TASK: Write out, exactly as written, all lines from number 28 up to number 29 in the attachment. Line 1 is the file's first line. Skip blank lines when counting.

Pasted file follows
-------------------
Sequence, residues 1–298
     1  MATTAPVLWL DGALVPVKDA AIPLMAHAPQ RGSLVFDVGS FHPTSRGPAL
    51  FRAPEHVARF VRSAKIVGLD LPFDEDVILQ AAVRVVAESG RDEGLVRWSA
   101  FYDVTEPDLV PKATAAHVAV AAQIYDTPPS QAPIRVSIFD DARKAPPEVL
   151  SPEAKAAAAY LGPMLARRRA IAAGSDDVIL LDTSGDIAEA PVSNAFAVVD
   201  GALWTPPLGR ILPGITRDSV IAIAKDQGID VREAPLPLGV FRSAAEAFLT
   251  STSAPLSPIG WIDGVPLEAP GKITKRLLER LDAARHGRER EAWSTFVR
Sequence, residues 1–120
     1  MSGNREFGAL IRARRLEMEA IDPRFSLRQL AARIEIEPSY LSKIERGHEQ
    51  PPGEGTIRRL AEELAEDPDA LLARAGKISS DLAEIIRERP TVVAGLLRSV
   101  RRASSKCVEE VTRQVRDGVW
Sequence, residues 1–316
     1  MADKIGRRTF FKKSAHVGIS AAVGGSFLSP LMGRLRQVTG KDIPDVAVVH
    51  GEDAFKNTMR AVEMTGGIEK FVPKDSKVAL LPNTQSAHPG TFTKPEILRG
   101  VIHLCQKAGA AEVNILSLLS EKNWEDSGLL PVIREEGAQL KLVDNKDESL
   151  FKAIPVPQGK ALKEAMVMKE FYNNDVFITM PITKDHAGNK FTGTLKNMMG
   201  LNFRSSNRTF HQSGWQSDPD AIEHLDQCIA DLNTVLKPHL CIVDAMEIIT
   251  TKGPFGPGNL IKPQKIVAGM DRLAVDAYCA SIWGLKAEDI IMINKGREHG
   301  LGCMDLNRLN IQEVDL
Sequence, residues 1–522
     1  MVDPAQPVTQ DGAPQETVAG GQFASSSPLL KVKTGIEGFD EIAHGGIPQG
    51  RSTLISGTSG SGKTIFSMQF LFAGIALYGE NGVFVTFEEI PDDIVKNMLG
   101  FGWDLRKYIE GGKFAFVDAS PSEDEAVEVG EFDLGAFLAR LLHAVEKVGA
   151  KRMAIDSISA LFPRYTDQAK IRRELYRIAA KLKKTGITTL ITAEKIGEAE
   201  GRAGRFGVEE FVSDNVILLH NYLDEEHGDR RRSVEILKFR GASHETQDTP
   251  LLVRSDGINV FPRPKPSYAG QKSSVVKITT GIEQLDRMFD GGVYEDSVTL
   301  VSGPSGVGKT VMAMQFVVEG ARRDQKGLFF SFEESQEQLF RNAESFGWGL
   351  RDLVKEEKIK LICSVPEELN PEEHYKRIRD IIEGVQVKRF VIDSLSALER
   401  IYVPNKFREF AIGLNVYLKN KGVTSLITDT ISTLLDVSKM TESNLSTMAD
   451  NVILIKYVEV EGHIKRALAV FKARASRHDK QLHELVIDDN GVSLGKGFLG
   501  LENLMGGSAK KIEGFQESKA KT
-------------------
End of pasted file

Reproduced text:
   351  RDLVKEEKIK LICSVPEELN PEEHYKRIRD IIEGVQVKRF VIDSLSALER
   401  IYVPNKFREF AIGLNVYLKN KGVTSLITDT ISTLLDVSKM TESNLSTMAD